Temperatures at midnight were a trifecta of 46 degree readings at Stafford Regional Airport, Shannon Airport, and the University of Mary Washington. By 6:30 this morning, those thermometers had dropped to near freezing, and will remain there much of today thanks to gusty northerly winds yanking cold air into the region. As a result of the temperatures and frozen precipitation, the Fredericksburg vicinity is under a Winter Storm Warning until 4 p.m.

Precipitation will taper off by mid-afternoon from west to east across the Fredericksburg area. Snow and sleet will accumulate in the 6-10 inch range as temperatures hover near 30 degrees. The clouds will clear enough to allow the sun to reappear before it sets at 5:02 p.m. Those clear skies will contribute to frigid conditions tonight, as local thermometers plummet into the teens by Tuesday morning.

Tomorrow will thus begin very cold, with any wet surfaces having refrozen. Travel on Tuesday morning will be treacherous, as streets and bridges are likely to be icy.

The National Weather Service issued a winter-storm warning on Sunday for Fredericksburg starting at 1 a.m. on Monday. It’s not as though nobody knew this was coming. That applies just as much to VDOT as it does to people who were on the roads.

Weather aside, there are two unique things about VDOT that may have contributed to this debacle. First, despite being the twelfth largest state by population and the 35th largest state by land area, Virginia has the third largest state highway system in the country. The reason for that is the Byrd Road Act of 1932, which transferred control of many highways from county governments to the state. Highways that would be maintained by the county in other states are often maintained by the state in Virginia. That means VDOT has to spread its resources over a larger number of highways, so it can’t focus as much on the interstates as other state DOTs would.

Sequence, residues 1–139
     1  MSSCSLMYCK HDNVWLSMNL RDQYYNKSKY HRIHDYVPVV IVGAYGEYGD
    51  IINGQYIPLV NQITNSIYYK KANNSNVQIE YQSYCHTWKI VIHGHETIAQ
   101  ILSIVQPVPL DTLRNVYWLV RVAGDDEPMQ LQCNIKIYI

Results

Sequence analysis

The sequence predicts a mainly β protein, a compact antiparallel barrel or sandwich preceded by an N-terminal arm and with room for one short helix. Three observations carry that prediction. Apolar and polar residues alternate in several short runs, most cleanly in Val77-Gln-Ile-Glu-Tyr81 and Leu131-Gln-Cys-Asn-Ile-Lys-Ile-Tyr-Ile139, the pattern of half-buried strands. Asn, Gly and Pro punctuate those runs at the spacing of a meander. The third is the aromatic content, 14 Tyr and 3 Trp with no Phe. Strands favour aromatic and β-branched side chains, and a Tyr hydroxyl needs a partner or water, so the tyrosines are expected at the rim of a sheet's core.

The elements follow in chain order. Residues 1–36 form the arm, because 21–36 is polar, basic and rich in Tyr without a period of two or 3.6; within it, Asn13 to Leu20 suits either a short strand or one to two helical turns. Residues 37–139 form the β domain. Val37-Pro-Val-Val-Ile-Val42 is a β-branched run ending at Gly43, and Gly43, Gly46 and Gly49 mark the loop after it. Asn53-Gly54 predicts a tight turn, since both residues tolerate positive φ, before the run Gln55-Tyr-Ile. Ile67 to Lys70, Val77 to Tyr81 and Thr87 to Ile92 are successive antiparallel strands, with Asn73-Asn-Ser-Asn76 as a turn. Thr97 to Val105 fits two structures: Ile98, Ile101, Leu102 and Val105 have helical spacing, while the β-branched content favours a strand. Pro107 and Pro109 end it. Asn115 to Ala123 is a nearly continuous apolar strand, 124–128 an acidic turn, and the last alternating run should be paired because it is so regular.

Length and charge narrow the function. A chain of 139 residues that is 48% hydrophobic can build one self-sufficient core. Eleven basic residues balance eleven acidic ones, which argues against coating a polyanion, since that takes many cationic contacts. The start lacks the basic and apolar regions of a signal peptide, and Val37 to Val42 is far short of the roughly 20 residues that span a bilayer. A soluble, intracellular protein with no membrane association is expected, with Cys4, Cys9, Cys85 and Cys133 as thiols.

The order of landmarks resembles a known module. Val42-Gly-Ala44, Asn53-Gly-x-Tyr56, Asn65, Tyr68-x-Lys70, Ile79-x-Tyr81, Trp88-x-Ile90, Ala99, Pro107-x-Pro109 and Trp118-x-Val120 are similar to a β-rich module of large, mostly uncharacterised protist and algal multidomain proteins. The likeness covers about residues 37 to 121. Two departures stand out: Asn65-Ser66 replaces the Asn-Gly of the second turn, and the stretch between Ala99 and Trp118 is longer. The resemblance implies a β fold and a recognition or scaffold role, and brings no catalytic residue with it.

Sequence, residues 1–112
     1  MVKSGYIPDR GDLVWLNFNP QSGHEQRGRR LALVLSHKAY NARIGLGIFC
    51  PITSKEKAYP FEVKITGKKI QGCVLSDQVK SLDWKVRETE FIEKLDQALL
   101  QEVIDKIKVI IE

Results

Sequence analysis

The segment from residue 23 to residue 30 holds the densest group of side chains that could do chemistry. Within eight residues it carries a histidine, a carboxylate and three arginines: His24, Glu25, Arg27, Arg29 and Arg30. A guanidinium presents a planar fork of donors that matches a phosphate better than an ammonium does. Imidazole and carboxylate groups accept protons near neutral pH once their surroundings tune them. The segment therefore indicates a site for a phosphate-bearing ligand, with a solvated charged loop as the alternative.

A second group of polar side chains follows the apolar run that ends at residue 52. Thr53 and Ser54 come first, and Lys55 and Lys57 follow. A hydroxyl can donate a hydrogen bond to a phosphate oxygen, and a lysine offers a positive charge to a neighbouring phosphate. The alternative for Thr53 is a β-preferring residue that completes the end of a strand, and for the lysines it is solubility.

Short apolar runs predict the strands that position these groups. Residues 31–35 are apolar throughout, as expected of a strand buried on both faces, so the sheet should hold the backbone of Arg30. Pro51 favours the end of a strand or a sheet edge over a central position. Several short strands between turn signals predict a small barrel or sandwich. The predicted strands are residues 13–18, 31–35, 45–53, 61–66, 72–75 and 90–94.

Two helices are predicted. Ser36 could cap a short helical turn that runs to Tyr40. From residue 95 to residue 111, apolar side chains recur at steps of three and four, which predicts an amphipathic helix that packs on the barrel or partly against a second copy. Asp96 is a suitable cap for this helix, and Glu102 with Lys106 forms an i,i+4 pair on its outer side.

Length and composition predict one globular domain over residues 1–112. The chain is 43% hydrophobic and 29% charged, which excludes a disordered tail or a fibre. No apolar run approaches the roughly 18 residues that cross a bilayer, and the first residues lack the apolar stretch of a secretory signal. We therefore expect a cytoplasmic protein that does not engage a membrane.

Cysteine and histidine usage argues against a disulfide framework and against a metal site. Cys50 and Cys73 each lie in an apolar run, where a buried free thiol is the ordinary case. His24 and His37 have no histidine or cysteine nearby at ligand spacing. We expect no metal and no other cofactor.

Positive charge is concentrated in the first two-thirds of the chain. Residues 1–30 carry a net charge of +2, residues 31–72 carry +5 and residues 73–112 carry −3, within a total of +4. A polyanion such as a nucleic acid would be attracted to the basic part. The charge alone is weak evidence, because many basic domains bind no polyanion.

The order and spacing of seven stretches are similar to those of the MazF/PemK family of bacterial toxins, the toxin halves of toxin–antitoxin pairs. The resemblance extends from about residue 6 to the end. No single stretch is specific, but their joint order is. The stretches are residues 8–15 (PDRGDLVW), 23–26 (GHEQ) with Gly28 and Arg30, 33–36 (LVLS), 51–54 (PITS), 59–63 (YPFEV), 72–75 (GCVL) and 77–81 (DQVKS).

Second, VDOT is quite corrupt. In a blog post from 2018, Chris Edwards of the Cato Institute noted that “corruption is alleged to be ‘rampant’ and ‘endemic,'” and “the corruption has been apparently going on for years.” He links to a Washington Post story describing hundreds of thousands of dollars of bribes among snowplow contractors, and some drug deals as well. A prosecutor quoted in the story said, “This is a more pervasive problem in the Virginia Department of Transportation than is known.”

The official named in that report, Anthony Willie, was sentenced to seven years in prison for an $11 million bribery scheme that lasted over five years. According to the DOJ’s statement on the sentencing, Willie and another official “secretly used their official positions to enrich themselves by soliciting and accepting cash bribes in exchange for various favorable official acts, such as awarding lucrative snow removal work to local trucking companies during winter snow storms in the northern Virginia area.” Actually removing snow has not always been the top priority in awarding VDOT snow-removal contracts in recent years.

All of this is on top of the fact that I-95 between Richmond and Washington is one of the most congested highway corridors in the country to begin with. Glenn Youngkin will be inaugurated as governor on January 15. If he’s in need of day-one plans, he should look at reforming VDOT.